Prefrontal-striatl pathway underlies cognitive regulation of craving

Division of Substance Abuse, Department of Psychiatry, Yale University School of Medicine, New Haven, CT 06519, USA.
Proceedings of the National Academy of Sciences (Impact Factor: 9.67). 08/2010; 107(33):14811-6. DOI: 10.1073/pnas.1007779107
Source: PubMed


The ability to control craving for substances that offer immediate rewards but whose long-term consumption may pose serious risks lies at the root of substance use disorders and is critical for mental and physical health. Despite its importance, the neural systems supporting this ability remain unclear. Here, we investigated this issue using functional imaging to examine neural activity in cigarette smokers, the most prevalent substance-dependent population in the United States, as they used cognitive strategies to regulate craving for cigarettes and food. We found that the cognitive down-regulation of craving was associated with (i) activity in regions previously associated with regulating emotion in particular and cognitive control in general, including dorsomedial, dorsolateral, and ventrolateral prefrontal cortices, and (ii) decreased activity in regions previously associated with craving, including the ventral striatum, subgenual cingulate, amygdala, and ventral tegmental area. Decreases in craving correlated with decreases in ventral striatum activity and increases in dorsolateral prefrontal cortex activity, with ventral striatal activity fully mediating the relationship between lateral prefrontal cortex and reported craving. These results provide insight into the mechanisms that enable cognitive strategies to effectively regulate craving, suggesting that it involves neural dynamics parallel to those involved in regulating other emotions. In so doing, this study provides a methodological tool and conceptual foundation for studying this ability across substance using populations and developing more effective treatments for substance use disorders.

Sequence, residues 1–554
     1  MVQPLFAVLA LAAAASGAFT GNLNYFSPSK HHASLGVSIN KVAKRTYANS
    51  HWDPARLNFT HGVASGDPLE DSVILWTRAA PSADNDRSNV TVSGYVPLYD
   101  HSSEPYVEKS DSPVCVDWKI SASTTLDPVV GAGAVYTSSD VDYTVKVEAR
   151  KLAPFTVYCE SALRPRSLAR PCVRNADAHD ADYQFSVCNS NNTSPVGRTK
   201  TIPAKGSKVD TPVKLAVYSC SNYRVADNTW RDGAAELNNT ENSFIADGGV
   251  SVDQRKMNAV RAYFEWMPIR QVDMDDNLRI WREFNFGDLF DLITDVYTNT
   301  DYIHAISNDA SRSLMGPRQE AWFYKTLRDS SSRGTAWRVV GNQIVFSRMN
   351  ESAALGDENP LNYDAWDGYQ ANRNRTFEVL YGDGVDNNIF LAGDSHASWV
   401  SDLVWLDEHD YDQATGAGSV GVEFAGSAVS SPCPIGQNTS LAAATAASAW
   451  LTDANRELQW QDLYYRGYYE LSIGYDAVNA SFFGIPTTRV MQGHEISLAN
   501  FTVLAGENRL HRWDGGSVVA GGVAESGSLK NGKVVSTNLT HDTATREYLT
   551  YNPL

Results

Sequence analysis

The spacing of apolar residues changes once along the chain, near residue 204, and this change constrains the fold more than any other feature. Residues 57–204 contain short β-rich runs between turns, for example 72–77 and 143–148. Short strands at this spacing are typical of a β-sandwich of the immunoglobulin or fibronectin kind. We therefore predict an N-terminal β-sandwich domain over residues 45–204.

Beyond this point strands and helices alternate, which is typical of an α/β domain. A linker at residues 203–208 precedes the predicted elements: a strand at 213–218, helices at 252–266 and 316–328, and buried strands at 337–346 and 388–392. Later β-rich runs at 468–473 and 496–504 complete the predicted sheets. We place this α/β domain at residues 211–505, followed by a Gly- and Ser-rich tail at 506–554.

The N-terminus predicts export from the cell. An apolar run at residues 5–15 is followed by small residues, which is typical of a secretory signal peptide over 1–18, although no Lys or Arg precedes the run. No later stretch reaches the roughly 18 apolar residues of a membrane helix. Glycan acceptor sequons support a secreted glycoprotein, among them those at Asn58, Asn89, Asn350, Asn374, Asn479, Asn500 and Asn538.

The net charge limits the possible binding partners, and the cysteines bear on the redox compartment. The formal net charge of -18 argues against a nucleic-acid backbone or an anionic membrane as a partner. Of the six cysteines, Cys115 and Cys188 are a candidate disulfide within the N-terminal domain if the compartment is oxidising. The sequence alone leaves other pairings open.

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    • "pact of reappraisal on emotional valence and arousal , is related to cigarette craving in nicotine addicts . Previous studies have indicated that cigarette craving triggers cigarette smoking ( Kober et al . , 2010a ) and cognitive emotion regulation involves neural dynamics parallel to craving regulation ( i . e . , prefrontal - striatal pathway ; Kober et al . , 2010b ; Tabibnia et al . , 2014 ) . In line with this , previous studies have shown that more negative emotions are associated with more cigarette craving ( Juliano and Brandon , 2002 ; Baker et al . , 2004 ; Shiffman and Waters , 2004 ; Conklin and Perkins , 2005 ; Bradley et al . , 2007 ; Battista et al . , 2008 ; Nakajima and Al ' abs"
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